At Work

How You Can Practice Patience at Work

LinkedIn Email Print

We face delays every day in the working world. The internet connection goes down just as the web meeting is about to start. The copier breaks just as it’s printing handouts for that big presentation.

Delays force us to wait, and we don’t like waiting.

When we are forced to wait, we are reminded that we are not in control. We are reminded that our plans are not the ultimate plans. We are reminded that we can’t always have our way.

How do you respond when you have to wait at work? How do you deal with that guy – you know who I’m talking about – who is always late? If a project fails because a colleague causes a major delay, the other team members are likely to be pretty angry and frustrated with him.

Patience is one of the attributes of love, and it’s the next part in our series on love at work. In I Corinthians 13:4, Paul tells us that love is patient. We are called to love our neighbors, and that includes our colleagues. It even includes that guy who is always late.


How do we balance patience with productivity, diligence, and accountability?

We should be careful not to confuse the ideas of impatience and urgency. The Bible clearly distinguishes these ideas, and we are called to stand in the balance of them.

Many passages in Scripture indicate we are to be patient with one another. Other passages indicate we are to be diligent and move with a sense of urgency. Passages falling under both these categories include Romans 2:7, Romans 8:25, Galatians 5:22, Ephesians 4:2, and many others.

Patience is the ability to tolerate delay without getting angry or upset. Patience is a state of peace in the heart. Knowing God is in control, we are free to love with patience.

Impatience is an inability to wait without getting angry or upset. When we’re impatient, we’re focused on ourselves. We’ve lost sight of that fact that God is in control.

Urgency, on the other hand, is an indication of importance that requires swift or timely action. Urgency is not a state of the heart, but a state of the facts. If an airline pilot encounters an equipment failure mid-flight, he must act with urgency to land safely. If a company must generate a certain amount of revenue each month to meet the needs of its clients, the sales team must act with urgency to close deals.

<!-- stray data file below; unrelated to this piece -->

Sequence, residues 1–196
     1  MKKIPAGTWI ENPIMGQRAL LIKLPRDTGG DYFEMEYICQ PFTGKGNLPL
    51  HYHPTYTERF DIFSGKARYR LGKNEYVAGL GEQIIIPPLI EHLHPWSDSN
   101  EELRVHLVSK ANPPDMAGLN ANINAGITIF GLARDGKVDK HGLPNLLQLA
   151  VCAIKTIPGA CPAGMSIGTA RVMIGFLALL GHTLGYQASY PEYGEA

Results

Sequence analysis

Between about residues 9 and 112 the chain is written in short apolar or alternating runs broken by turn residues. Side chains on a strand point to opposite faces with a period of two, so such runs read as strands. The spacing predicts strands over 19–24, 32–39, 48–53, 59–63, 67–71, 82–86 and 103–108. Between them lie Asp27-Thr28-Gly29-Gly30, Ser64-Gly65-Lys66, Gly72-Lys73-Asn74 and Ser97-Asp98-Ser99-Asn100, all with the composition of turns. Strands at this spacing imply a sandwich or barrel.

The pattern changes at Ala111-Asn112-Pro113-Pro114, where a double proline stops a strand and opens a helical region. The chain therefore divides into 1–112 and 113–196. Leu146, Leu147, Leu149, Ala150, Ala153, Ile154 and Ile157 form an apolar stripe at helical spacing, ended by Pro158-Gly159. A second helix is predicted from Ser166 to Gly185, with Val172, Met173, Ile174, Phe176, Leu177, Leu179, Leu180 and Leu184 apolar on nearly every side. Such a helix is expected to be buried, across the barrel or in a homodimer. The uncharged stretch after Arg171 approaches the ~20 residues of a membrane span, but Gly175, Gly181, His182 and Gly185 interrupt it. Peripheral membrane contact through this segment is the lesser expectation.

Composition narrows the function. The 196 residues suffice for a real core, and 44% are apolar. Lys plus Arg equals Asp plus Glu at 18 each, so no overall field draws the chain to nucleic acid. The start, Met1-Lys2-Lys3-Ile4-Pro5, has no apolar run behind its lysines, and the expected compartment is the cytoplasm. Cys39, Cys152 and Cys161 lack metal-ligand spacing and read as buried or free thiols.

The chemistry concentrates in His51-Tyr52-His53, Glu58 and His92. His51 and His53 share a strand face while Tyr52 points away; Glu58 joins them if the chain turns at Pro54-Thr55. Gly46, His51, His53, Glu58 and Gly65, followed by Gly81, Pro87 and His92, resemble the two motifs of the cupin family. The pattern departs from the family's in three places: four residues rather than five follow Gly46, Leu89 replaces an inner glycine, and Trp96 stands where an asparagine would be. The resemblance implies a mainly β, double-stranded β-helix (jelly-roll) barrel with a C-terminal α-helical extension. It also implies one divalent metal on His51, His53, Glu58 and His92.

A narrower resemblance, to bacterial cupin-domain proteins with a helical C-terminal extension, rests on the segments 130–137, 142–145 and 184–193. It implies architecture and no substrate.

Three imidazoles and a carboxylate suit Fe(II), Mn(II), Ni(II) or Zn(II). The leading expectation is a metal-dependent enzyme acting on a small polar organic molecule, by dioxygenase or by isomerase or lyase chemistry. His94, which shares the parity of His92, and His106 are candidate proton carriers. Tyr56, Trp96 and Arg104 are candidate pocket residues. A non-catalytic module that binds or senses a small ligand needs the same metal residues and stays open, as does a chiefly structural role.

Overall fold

A healthy sense of urgency is a key contributor to success in every business. The Bible commends this sort of urgency by calling us to be diligent and excellent in all we do. Proverbs 21:5 says,

The plans of the diligent lead to profit as surely as haste leads to poverty.

It’s our responsibility to understand the difference between urgency and impatience. We should pursue our work with urgency and expect others to do the same.

At the same time, we should be patient with our colleagues. When there is a delay, we should empathetically – and lovingly – work to understand the problems and then help to resolve them.

Practicing Patience at Work

Our sin and brokenness prevents us from experiencing a perfectly harmonious balance of patience and urgency. Yet we are called to pursue it as much as we can – for God’s glory and for the good of those around us.

Here are three things you can do to demonstrate patience with your colleagues:

  • Be empathetic. When there are delays, listen patiently and without judgment so you can understand the causes.
  • Bring perspective. In his helpful pamphlet, Tyranny of the Urgent, Charles Hummel reminds us that important things are not always urgent things.
  • Offer to help. Pitching in and helping can be the best way to show patience in the face of delays. Yes, it is a sacrifice of time, but it will go a long way toward building trust in the relationship.

Next week  we’ll continue our series on love at work by illustrating how love is kind.

How do you show patience in the workplace? 

Have our latest content delivered right to your inbox!

Further readings on At Work

  • At Work
  • Theology 101

“God has created us in his image so that we may carry out a task, fulfill a mission, pursue a…

  • At Work

After learning that Hugh Whelchel (1952 – 2024) had passed away on Good Friday (March 29, 2024), I was deeply…

Have our latest content delivered right to your inbox!